Monday 11 July 2016

Day Eleven on the Somme

Tuesday 11th July 1916 From our Correspondent in the Field

The 2nd Bedfords have taken their first truly active part in the Battle of the Somme today – its eleventh day. As I write this despatch the battalion is still in Trônes Wood where it has been since early this morning. The men were drawn up at 1.30 am and began their advance on the south-west portion of the wood at 3.10 when the first pre-dawn light was beginning to suffuse the sky. They advanced in columns of half-companies, A Company leading the way, and spread out, five yards between each man and his neighbour. They were about a quarter of a mile from the wood when the German machine-guns opened up. This was soon followed by artillery and the battalion suffered many casualties before it entered the wood.

By 3.45 every surviving man was inside the wood, at its southern end. Wounded men returning from the fight told me that the undergrowth is luxuriant, unaffected by shellfire, and makes it difficult to see more than about four yards ahead. They also say the wood is full of enemy trenches and dug-outs which one does not see until one is right upon them. As soon as they entered the wood Lieutenant R B Gibson was killed and Second Lieutenant F E Plummer was wounded.

Second Lieutenant Plummer

After a lot of fighting, A and B Companies dug themselves in on the south-east side of the wood with C and D Companies digging in on the south-west edge. By 4.20 am Captain L F Beal, commander of C Company had led 27 men of D Company and 13 men of B Company under their commander Lieutenant H A Chamen up to the north-east edge of the wood where they dug-in. Sadly no other reinforcements came up and a large number of Germans were seen advancing south from the village of Longueval, causing these 42 men to abandon their position and withdraw south in order to avoid being surrounded. They eventually reached C Company’s position in the south-east corner the wood about 5 pm.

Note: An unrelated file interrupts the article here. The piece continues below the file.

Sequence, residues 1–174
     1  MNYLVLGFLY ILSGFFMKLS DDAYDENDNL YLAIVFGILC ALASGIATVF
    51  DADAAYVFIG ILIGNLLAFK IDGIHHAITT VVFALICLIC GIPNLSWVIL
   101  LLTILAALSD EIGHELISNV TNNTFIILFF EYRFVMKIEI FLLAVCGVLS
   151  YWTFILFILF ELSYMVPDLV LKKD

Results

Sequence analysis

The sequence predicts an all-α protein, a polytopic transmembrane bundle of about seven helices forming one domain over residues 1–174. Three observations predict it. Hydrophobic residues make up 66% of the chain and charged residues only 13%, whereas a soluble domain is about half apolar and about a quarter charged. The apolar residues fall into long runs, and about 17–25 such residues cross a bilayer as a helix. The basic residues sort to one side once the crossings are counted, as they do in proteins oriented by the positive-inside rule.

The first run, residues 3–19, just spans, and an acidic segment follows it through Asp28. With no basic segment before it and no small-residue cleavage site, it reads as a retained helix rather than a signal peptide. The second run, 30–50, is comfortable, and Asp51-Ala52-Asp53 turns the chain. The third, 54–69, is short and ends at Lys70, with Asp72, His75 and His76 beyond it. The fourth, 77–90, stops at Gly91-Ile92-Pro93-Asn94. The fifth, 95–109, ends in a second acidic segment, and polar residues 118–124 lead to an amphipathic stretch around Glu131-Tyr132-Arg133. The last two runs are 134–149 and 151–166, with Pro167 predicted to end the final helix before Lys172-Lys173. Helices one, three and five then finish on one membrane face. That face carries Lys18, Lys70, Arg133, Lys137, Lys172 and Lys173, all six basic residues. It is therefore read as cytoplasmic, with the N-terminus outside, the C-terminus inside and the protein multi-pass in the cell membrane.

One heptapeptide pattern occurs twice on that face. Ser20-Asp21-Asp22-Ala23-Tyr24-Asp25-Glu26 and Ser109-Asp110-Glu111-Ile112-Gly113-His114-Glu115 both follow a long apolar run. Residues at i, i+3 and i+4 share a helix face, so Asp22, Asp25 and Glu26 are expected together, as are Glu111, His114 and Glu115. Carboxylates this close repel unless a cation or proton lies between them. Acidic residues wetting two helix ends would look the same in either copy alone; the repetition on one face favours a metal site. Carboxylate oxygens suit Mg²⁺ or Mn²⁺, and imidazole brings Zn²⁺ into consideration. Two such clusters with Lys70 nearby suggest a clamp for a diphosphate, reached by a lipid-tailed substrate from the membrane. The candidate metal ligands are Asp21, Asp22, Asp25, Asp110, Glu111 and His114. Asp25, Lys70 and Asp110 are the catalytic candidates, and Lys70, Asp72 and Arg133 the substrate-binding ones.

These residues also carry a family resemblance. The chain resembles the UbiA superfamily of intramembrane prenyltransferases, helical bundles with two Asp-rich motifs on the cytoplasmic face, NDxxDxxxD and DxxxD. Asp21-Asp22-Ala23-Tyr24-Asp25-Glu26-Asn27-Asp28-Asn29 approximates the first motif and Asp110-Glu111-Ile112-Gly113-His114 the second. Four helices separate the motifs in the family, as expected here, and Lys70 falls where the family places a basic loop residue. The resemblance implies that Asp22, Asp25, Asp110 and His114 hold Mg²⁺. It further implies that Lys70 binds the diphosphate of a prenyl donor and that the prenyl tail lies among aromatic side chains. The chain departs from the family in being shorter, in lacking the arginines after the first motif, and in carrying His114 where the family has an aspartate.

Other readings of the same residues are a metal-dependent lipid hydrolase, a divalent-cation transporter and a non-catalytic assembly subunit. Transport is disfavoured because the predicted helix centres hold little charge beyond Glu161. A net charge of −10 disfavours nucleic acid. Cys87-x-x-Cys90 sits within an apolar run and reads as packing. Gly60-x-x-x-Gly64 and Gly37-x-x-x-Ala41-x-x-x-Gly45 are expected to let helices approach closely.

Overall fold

Lieutenant Fox

Around 8 am Lieutenant L H Fox led a patrol into the interior which has not returned. I understand they are believed to have been captured(1). At 11.30 a third patrol followed those of Captain Beal and Lieutenant Fox. This was led by Captain C G Tyler along with Second Lieutenant L H Walker and Second Lieutenant D P Cross with about forty men. They worked north up the eastern edge of the wood but encountered a strong-point where a track from the village of Guillemont enters the wood. Captain Tyler was badly wounded and ordered the party back to their starting position. Distressingly the captain had to be left where he was(2). The men, now back in their trench fought off several German counter-attacks. From the above it is clear that the fighting in the stifling conditions of this wood was even more confused than normal for this war.

Captain Tyler

As I write this A, B, C and half of D Company are believed to be dug-in at the southern part of the wood. Every company is reported as having suffered many casualties. Patrols have been sent into the middle of the wood to find stragglers and to bomb and the enemy out of their trenches there. Thus the 2nd Battalion’s first day, whilst not as clear-cut as that of the 7th Battalion has been satisfactory and ground has been gained.

Fighting continues in Mametz Wood. The Welshmen of 38th Division have captured more of it today.

Sources: X550/3/wd

(1) In fact Lieutenant Leslie Herbert Fox had been killed and he is commemorated on the Thiepval Memorial.
(2) Captain Cornelius George Tyler either died of his wounds that day or was subsequently killed by the enemy. Again he is commemorated on the Thiepval Memorial.

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